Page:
“I’m like, ‘Are you paying attention at all? Is any of this sinking in?’ ” said Klindt, who lives in Ames, Iowa.
Death is now everywhere and yet nowhere in America. We track its progress in daily bar graphs. We note its latest victims among celebrities and acquaintances. Yet, in many parts of America, we carry on — debating holiday plans, the necessity of mask mandates, how seriously to take the virus, whether it’s all a hoax.
In the face of one of the biggest mass casualty events in American history, we are growing increasingly numb to death, experts say — numb to the crisis and tragedy it represents and to the action it requires in response.
Something happens in the brain when fatalities reach such high numbers, say psychologists who have studied genocides and mass disasters. The casualties become like a mountain of corpses that has grown so large it becomes difficult to focus on the individual bodies.
With the coronavirus in particular, experts say, the deaths have been hidden from sight even from friends and family — the human cost sequestered in hospitals and nursing homes.
“Sometimes I think, if only others could see what we see every day,” said Joan Schaum, a hospice nurse who has spent the past year caring for the dying in Lancaster, Pa.
“Other times,” she said, “I think, no one should have to see the amount of death and suffering going on right now. It changes you. It stays with you.”
The arithmetic of compassion
In 1994, hundreds of thousands in Rwanda were murdered in the space of weeks by soldiers and militias from a rival ethnic group. In response, the United States and much of the world largely shrugged. President Bill Clinton later called his administration’s failure to act one of his great regrets.
Puzzled by that apathy, a psychologist named Paul Slovic began conducting experiments to better understand people’s reaction to mass suffering and death. What he found was troubling.
In one study, his researchers showed people a picture of a 7-year-old girl dying of starvation and asked for donations to help her. He showed another group two starving children, then even larger sets of children. Slovic found people’s distress didn’t grow with the number of children in danger, but often shrank.
“In fact, the more who die, sometimes the less we care,” Slovic said in an interview. In greater numbers, death becomes impersonal, and people feel increasingly hopeless that their actions can have any effect.
“Statistics are human beings with tears dried off,” Slovic said. “And that’s dangerous because we need tears to motivate us.”
With the coronavirus — the death toll substantially exceeding 300,000 in the United States — many of our strongest impulses are working against us, experts say.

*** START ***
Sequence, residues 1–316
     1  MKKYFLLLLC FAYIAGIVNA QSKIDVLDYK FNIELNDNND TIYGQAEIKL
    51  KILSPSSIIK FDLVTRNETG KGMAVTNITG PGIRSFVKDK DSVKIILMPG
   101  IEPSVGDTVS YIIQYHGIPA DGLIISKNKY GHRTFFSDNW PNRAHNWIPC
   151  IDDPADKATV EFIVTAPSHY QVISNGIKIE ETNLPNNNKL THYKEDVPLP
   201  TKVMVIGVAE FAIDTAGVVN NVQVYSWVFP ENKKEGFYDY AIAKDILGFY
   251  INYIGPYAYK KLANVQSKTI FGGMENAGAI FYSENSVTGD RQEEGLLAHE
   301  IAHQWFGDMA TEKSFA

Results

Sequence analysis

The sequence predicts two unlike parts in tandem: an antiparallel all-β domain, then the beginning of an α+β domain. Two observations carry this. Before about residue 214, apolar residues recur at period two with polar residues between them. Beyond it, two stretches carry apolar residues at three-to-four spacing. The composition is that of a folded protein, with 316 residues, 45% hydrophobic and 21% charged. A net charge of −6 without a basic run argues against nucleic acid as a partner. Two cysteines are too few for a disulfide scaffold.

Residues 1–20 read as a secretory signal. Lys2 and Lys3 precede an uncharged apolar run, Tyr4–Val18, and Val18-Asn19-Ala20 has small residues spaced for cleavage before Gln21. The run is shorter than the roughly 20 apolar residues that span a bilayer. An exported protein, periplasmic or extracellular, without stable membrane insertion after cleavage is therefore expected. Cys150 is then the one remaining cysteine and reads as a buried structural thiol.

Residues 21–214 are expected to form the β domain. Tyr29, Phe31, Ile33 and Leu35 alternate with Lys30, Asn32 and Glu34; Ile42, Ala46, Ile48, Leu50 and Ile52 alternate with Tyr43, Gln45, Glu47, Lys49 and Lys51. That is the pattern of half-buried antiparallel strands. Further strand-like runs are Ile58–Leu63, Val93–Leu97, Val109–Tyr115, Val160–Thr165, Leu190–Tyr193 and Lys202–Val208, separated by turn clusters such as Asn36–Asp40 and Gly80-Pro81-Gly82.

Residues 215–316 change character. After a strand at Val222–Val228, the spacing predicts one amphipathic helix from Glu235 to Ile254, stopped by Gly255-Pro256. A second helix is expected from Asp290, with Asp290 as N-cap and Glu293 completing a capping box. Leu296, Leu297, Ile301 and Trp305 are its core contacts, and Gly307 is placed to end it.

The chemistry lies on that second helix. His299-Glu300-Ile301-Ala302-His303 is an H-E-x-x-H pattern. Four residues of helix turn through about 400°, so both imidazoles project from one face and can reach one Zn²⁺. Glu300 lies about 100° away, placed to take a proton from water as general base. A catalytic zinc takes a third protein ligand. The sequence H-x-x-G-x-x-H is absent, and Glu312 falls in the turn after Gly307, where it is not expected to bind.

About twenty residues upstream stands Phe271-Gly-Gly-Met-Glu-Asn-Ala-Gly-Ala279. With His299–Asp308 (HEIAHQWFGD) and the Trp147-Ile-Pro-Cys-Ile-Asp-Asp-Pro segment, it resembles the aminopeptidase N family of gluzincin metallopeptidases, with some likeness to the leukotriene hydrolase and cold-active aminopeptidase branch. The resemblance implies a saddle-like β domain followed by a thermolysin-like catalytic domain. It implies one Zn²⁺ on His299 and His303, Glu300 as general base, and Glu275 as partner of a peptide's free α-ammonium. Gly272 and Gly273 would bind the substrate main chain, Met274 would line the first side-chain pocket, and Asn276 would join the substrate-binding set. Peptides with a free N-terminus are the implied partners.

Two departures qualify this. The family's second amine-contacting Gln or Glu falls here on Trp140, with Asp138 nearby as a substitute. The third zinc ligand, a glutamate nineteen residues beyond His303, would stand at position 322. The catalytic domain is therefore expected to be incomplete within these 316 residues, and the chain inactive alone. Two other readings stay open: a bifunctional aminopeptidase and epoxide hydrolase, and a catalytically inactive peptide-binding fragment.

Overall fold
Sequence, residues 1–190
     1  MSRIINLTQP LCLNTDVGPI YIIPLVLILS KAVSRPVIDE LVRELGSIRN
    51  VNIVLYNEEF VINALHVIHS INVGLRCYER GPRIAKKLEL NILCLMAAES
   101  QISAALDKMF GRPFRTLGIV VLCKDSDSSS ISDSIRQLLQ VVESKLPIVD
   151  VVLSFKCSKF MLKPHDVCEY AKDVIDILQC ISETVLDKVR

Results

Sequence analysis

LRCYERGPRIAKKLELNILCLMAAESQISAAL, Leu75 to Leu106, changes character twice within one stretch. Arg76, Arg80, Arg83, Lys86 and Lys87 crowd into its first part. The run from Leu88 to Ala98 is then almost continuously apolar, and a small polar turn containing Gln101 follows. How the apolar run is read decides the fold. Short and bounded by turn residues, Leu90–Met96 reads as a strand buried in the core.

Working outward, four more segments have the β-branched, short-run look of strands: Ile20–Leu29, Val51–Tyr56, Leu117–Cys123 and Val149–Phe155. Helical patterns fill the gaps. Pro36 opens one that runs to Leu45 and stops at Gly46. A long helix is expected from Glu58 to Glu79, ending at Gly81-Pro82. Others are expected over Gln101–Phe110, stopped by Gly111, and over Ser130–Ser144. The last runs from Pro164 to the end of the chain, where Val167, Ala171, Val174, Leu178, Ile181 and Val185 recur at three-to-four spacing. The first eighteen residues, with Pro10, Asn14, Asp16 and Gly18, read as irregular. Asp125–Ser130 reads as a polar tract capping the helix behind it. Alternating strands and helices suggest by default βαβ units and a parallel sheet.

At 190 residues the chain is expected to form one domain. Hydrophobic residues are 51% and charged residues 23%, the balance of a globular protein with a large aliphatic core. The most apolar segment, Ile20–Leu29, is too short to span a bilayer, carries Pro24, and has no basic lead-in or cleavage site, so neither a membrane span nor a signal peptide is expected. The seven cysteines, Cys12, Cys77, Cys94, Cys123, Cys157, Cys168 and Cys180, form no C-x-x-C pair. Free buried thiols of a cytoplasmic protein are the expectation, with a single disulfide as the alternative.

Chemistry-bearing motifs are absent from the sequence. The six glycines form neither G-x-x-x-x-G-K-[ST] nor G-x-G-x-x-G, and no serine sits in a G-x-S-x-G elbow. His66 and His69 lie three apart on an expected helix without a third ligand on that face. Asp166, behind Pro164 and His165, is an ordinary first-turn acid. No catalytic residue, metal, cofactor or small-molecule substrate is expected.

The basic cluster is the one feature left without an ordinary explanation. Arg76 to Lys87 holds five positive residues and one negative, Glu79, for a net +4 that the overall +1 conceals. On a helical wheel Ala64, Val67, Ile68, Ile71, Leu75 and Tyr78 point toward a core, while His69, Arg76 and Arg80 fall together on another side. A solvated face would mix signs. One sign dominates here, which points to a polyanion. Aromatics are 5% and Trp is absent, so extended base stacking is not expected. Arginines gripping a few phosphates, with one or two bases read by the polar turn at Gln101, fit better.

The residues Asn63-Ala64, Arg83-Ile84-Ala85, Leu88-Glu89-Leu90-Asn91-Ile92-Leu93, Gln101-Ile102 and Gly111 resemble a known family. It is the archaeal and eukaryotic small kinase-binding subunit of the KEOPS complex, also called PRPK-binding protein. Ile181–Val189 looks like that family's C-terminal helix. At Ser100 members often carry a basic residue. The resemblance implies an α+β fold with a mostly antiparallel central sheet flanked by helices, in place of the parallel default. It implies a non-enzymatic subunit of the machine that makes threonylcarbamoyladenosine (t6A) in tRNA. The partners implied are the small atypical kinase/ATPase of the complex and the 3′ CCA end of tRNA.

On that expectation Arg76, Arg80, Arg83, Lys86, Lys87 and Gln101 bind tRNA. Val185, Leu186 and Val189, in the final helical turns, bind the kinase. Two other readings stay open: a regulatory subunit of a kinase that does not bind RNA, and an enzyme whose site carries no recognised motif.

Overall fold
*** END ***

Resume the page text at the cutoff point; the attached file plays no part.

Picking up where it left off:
“Think about the disasters that have captured our national attention. … A hurricane like Katrina hits. News crews show the devastation, and people open their wallets,” said Lori Peek, who directs the Natural Hazards Center at the University of Colorado at Boulder. “But this pandemic isn’t a camera-ready event like that.”
Instead of a single discrete event — like the twin towers collapsing on Sept. 11, 2001 — the pandemic has unfolded as an invisible, slow-creeping, chronic hazard. Over time, our brains gradually tune out the danger.
Peek likened the effect to heat waves, which kill more people in America than all other natural disasters combined. “But you never hear that much about heat waves because it’s gradual. You don’t see people trapped on rooftops like Katrina. You don’t have homes going up in flames like in wildfires.”
Death up close
Without visual, physical manifestations of deaths, the alarm bells in our heads fail to ring, experts said. Because we don’t see the deaths, we fail to see their connection to us — including our role in preventing their growing numbers.
This is what death in the pandemic looks like up close: Patients often grow ashen as their body struggles for nutrients. Their skin becomes mottled with splotches of reddish purple as their heart pumps less and less blood to parts of the body that need it.
Often, the room is eerily empty, with nurses and doctors trying to minimize risk of infection. The only constant is the low, steady hum of an oxygen compressor piping air to the patient’s nostrils.
Amid the silent void, the patients’ dying breaths become magnified.
“The hardest thing about it is how alone they are in the end,” said Schaum, a nurse with Hospice & Community Care in Lancaster, Pa.
Schaum props up the feet of dying patients to take the pressure off their heels. She uses a gel to moisten their mouths, which grow uncomfortably dry once they stop eating or drinking.
Even those interactions are limited: Schaum is supposed to keep direct contact to 10 to 15 minutes during her daily patient check-ins. So, from six feet away, she talks to them as much as possible, even when they are unresponsive, hoping they sense her presence.